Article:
What is obesity and what is it

Mark wiens


What is obesity and what is it? You've probably heard someone paraphrase "skinny" supermodel Kate Moss when they're tempted by a delicious piece of cake. So what are the causes of obesity? Where does it go when you put it on, and where does it go when you throw it away? The answer is surprising.

We need fat. In the human body, fat is usually stored in fat cells in the form of triglycerides. The triglyceride molecule looks like the letter E. The vertical stroke or backbone of the letter E is a glycerol molecule, and the three horizontal strokes of the letter E are three separate molecules called fatty acids. There are many differences between these three fatty acids. They can be the same, they can be different, or anything in between. The average triglyceride molecule has about 160 atoms -- 55 carbon, 104 hydrogen, but only six oxygen atoms.

We used to think that you wouldn't make more fat cells until you were 20. But that turned out to be wrong. One study deliberately overfed some normal, healthy, overweight men and women. On their upper bodies, they stored 1.9kg of fat and, unsurprisingly, fat cells in this area expanded and got bigger. Surprisingly, this did not happen in the lower body, as they gained 1.6kg of fat there. No! There, below the belt, the fat cells stayed the same, but they grew by 2.6 billion.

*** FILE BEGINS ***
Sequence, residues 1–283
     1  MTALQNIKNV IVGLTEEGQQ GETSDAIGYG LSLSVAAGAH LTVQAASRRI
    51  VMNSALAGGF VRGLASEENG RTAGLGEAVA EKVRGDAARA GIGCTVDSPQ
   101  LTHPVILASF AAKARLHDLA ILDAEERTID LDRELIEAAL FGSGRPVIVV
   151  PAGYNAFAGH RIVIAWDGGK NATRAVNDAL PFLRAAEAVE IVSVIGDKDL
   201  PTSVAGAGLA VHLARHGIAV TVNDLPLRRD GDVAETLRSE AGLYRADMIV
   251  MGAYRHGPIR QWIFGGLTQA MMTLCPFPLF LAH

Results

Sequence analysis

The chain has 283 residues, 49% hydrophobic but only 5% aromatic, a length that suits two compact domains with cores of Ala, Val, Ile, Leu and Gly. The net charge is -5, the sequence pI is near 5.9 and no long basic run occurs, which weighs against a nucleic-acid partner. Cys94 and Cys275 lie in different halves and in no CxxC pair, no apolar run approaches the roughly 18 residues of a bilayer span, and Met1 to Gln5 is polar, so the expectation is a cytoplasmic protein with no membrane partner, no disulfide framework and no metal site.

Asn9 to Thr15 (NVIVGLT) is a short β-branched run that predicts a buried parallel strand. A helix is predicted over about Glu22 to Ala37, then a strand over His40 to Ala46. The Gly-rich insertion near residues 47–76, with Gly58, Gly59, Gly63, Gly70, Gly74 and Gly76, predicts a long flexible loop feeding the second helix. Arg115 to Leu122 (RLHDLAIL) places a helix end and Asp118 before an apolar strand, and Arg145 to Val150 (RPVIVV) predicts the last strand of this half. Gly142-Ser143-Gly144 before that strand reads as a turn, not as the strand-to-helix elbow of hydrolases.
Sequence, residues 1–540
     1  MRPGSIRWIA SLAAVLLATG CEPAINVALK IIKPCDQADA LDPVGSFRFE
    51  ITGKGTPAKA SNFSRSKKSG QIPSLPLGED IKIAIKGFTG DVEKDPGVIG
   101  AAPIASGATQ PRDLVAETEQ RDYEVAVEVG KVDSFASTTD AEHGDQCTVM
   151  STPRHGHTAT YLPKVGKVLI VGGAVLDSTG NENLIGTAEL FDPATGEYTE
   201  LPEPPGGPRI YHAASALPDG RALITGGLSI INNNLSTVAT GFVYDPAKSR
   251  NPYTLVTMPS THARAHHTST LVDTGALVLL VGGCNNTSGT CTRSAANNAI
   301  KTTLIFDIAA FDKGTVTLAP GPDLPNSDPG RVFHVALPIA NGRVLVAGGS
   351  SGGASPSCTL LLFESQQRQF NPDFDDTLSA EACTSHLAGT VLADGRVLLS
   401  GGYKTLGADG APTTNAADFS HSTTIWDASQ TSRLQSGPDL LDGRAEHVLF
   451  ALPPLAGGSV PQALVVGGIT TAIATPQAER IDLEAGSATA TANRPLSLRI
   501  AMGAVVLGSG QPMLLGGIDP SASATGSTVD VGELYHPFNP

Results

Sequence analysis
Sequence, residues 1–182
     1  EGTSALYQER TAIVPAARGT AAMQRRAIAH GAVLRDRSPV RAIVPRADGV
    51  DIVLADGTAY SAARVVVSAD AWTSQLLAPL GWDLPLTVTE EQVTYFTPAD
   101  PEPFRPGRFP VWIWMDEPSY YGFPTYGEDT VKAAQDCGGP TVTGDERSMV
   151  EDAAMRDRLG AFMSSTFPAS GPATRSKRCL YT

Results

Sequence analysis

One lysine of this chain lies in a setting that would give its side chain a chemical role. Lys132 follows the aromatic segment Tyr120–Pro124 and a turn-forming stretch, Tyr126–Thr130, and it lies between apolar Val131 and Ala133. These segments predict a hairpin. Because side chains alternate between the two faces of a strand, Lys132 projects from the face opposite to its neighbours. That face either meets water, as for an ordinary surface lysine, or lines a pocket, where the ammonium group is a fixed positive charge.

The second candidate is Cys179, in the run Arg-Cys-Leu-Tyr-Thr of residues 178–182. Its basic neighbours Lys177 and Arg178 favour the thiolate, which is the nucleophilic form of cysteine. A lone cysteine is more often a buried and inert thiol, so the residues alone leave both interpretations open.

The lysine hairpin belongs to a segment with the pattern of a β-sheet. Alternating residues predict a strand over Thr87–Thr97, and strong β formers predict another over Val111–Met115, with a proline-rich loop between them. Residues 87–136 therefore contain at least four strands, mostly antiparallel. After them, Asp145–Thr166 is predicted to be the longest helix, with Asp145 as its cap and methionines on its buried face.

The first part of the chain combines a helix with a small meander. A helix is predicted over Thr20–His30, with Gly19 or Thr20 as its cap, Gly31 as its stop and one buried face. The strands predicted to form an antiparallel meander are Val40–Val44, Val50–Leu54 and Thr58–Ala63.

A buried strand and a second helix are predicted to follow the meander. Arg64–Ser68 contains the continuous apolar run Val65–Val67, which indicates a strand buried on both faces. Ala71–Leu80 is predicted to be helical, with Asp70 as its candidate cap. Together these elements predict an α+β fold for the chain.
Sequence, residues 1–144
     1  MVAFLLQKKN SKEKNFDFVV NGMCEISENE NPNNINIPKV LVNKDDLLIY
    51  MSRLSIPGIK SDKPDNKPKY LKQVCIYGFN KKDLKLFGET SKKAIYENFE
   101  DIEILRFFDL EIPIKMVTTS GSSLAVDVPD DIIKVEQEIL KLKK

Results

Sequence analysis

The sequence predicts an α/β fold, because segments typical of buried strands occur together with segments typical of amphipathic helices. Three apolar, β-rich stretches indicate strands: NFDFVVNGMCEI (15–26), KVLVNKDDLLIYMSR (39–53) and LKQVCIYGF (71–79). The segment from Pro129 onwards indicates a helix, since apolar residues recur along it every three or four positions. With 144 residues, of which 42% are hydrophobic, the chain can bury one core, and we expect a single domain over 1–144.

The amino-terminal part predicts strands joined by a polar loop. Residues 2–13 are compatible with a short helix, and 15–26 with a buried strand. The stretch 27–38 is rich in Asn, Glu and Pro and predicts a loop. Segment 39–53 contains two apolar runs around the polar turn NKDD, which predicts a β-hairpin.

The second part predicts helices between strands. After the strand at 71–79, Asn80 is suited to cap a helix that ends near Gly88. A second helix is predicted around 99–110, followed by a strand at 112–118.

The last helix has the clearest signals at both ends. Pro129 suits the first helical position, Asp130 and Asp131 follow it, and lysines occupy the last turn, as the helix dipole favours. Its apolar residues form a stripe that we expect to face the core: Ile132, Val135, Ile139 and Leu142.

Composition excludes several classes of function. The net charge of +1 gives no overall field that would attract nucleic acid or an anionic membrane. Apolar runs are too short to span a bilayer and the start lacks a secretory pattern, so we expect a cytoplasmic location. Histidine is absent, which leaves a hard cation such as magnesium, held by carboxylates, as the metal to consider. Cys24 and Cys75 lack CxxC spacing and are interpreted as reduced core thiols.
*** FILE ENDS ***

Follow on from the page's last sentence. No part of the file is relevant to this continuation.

Now that's news, but not as big as the startling results two researchers got when they asked what happened to the fat they lost. The researchers are Ruben Mellman of the Australian Broadcasting Corporation and Professor Andrew Brown of the University of New South Wales. First, they surveyed 50 doctors, 50 dietitians and 50 personal trainers, asking the question, "When a person loses weight, where does it go?" About 60 percent answered that fat is converted into heat or energy -- which is false. The only way atoms can be converted into heat or energy is through nuclear reactions. The human body doesn't do nuclear reactions, it only does chemical reactions.

Only a few people -- they are dietitians -- get the answer right. The triglyceride molecule breaks down into carbon dioxide and water molecules. You may remember that the average triglyceride molecule has 55 carbon molecules and 104 hydrogen atoms, but very few oxygen atoms -- just six. You may remember that carbon dioxide -- carbon dioxide -- has two oxygen atoms, while water -- water -- has only one oxygen atom. So, if you're going to split a triglyceride molecule into carbon dioxide and water molecules, you're going to have to add lots and lots of oxygen.

Let's say you want to lose 10 kilograms of fat. That means you need to replenish 29kg of oxygen - that's a lot of breathing, breathing and breathing. In return, you'll save 28 kilograms of carbon dioxide and 11 kilograms of water. How do you get rid of 39 kilograms of carbon dioxide and water? Overwhelmingly, by breathing it out. You may lose a little bit of triglyceride in your sweat or urine, but the vast majority of the atoms that make up the triglyceride molecule inside your fat cells come out of your mouth in the form of carbon dioxide and water. This means that your main excretory organ is your mouth. If you think about it, each breath takes away 33 milligrams of carbon dioxide, and that 33 milligrams of carbon dioxide takes away 8. 9 milligrams of carbon. Indeed, you are what you eat. But can you lose weight by releasing carbon from your fat cells through breathing?

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